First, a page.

She is back, bang on the hour, presumably knowing that the second half of the show has to be more substantial than the first. ‘Tonight, I Celebrate My Love’, a big romantic ballad, is good and her voice, though noticeably shaky on some of the high notes, is gorgeous in the middle range. ‘Feel Like Makin’ Love’ is also sung well, but by now it is obvious the songs aren’t building to anything; the scattered approach to her back catalogue and the showbiz-y between-song patter is not carrying the audience along. Warm applause breaks out at the first notes of ‘Killing Me Softly with His Song’: this and ‘The First Time Ever’ are what the audience has come to hear. The best way for an artist to treat their greatest hits, it seems, is to play it straight and be enthusiastic. On ‘Killing Me Softly’ Flack does neither; the performance is lacklustre, with the back-up vocalists carrying the chorus’s high notes; a bossa-nova coda only manages to reduce the applause for this ‘70s classic to a low rumble. In keeping with the unpredictability of the night, Flack follows up with the show’s highlight. There are 189 recorded Beatles songs, she tells us, and she has recorded what feels like half of them for a still-to-be-completed album for Sony. She then plays ‘Here Comes the Sun’, and it’s great. For the first time tonight she is hunched over the piano and concentrating, just as she is on the cover of First Take.
Thirty-five minutes into the second set and suddenly we are into an encore, with the band vamping and the two back-up singers swinging their arms to get the crowd to cheer louder for Flack to come back on stage. It is embarrassing. She sits down at the piano for – what else? – ‘The First Time Ever’, done better and with more heart than ‘Killing Me Softly’, though we get the shorter version of the song. Before the final number and second encore (more desperate hand-waving from the singers), she tells us she has sinus problems, and it’s a hint of an apology. She ends with the Pretenders’ ‘I’ll Stand By You’, which has more audience participation, and then she’s gone. With the comings and goings, band introductions, between-song chat and paucity of singing, it doesn’t require much calculation to see that while Flack has got by, she has not been generous.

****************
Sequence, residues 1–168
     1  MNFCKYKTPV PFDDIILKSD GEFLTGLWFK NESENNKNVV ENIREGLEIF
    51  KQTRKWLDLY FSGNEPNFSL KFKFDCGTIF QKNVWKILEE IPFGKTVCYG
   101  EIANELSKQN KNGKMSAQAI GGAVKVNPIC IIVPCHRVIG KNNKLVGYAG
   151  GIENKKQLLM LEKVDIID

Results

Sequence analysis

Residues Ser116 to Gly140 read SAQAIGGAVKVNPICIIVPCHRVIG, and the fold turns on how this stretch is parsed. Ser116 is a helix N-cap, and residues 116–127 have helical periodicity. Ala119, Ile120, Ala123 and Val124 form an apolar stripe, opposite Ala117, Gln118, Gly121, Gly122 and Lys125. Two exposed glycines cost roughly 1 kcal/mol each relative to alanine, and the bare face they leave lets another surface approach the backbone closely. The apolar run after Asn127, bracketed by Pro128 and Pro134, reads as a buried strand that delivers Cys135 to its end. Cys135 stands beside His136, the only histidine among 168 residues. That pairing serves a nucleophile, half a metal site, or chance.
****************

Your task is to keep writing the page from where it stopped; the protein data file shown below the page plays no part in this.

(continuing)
The contrast with Leonard Cohen’s show was stark. Cohen cared, and it showed in every decision he made, starting with his band. They looked hand-picked and happy to be there. Flack tacked on the Queensland Orchestra (and other state orchestras as she travelled Australia) to her six-piece group, and while not being awkward there was no noticeable empathy between band and orchestra, either musically or in spirit. Cohen was all spirit; part of the shine may have come from not having toured for so many years, but he let his talent infuse the show, and the crowd knew it. He carried 9000 people and made a vast stadium feel like a bohemian club. He did it by isolating the essence of what he does, presenting it with graciousness and seriousness and delicious cap-in-hand self-deprecation. Flack leant on show business, which can be an unsteady rail, especially when you’re giving off the vibe that you’re rushing and don’t really want to be there. It catches up with you, so you end up in the middle of songs yelling out, “Come on, Brisbane!” – something Leonard Cohen didn’t have to do. He just smiled and bowed, aware that he had a closet full of great songs and was going to do justice to them all over three hours. There was fire in his eyes when he sang ‘Suzanne’, pain and commitment when called for in other songs, and there were no short cuts; just an artist treating his back catalogue not as hits and misses but as signposts and reportage on the stations of life. That he can triumphantly return at 74 and do this may be the reason for the spring in his step as he leapt on and off the stage.
Roberta Flack could do this, too. Twenty songs, her at the piano, bass and drums, a horn player maybe, no tricks but a program she believed in, and we’d follow her up the mountain as well. With any luck she’ll finish that Beatles album and it will be a big success. The clever arrangement of ‘Here Comes the Sun’ shows she hasn’t lost the ability to take a song ingrained in popular consciousness and spin it into a new dimension. Then, she might come back to live performance enthused and focused, which would be a joy, because the show she did this time was no way to say goodbye.